From the Stars and Stripes archives
Wiesbaden goes big time
Stars and Stripes
A FORMER U.S. sergeant — by his suggestion — is responsible for the building of the world's largest cuckoo clock — which is itself used as a sales room for the unique timepieces.
One day, less than a year ago, Sgt Fred Stern, formerly of the Kaiserslautern military police, but now of New York City, passed along the suggestion to his uncle, Emil Kronenberger, the store's owner.
Stern told his uncle that Americans "would go for the idea." Kronenberger has received write-ups in periodicals all over the world and has people stopping by, saying they had read about the clock in some far-off country.
The store is designed in the shape of a cuckoo clock with a timepiece actually keeping time on the store's front, complete with the peek-a-boo box on top. The diameter of the dial measures about 6 feet.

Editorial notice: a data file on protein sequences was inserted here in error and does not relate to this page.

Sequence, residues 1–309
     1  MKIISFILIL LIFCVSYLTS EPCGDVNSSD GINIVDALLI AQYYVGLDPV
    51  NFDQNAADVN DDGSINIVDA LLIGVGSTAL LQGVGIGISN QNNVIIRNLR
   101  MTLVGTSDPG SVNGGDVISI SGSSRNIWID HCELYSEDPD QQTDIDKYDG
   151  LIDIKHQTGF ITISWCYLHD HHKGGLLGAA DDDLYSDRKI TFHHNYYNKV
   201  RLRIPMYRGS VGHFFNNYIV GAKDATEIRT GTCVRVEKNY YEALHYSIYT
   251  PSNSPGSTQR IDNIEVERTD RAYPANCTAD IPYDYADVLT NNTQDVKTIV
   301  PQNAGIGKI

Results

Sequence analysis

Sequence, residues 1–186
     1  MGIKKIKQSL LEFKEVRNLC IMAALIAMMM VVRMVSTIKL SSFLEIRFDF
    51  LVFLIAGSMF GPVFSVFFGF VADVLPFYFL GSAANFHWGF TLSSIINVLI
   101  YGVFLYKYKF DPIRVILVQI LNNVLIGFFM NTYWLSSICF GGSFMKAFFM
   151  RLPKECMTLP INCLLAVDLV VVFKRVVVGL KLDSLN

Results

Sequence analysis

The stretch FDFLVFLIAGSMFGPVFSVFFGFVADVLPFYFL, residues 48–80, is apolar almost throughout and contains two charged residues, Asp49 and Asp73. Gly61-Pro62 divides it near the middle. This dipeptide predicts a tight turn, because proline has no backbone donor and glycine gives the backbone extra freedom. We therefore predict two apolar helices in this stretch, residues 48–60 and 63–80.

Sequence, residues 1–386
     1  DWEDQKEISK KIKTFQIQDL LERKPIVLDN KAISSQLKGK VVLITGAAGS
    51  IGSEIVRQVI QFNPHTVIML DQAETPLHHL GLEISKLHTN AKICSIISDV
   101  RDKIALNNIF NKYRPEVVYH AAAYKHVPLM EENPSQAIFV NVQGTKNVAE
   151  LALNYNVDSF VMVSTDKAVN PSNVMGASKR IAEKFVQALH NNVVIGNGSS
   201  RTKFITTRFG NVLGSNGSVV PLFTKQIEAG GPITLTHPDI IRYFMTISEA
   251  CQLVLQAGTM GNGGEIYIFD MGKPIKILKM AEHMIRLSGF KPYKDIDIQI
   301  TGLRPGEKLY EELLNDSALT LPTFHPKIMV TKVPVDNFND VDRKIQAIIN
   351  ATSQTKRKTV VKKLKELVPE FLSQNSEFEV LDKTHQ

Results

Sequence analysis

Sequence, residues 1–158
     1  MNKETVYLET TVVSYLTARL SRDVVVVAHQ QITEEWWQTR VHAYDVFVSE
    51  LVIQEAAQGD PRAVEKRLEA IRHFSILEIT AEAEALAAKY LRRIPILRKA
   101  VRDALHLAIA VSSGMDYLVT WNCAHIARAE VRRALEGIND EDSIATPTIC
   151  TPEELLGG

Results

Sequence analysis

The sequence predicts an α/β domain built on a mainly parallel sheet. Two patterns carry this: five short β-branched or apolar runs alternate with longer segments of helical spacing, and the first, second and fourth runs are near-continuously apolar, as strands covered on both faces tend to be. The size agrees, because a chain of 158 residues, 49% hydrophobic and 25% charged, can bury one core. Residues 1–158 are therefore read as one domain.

Kronenberger revealed how a bit of subterfuge was necessary to build the structure. It is in a restricted area, where the Wiesbaden town fathers wanted only substantial buildings erected.
One night, weeks before actual building began, a 20-foot high fence was erected on the front of the property. The police nightly peeked behind to see what was going on, but soon they wearied of the detail.
At 4 o'clock one morning a crew began work on the cuckoo clock, completing the job that afternoon. When they took the fence down, the town fathers were faced by a fait accompli — it was up and could not be ordered down.
Kronenberger fled Germany in 1939, joined the French Army and founded the Committee of Liberation of the Rhineland in France, an underground organization active in the 40s. Kronenberger received a captain's commission from Gen. Charles de Gaulle.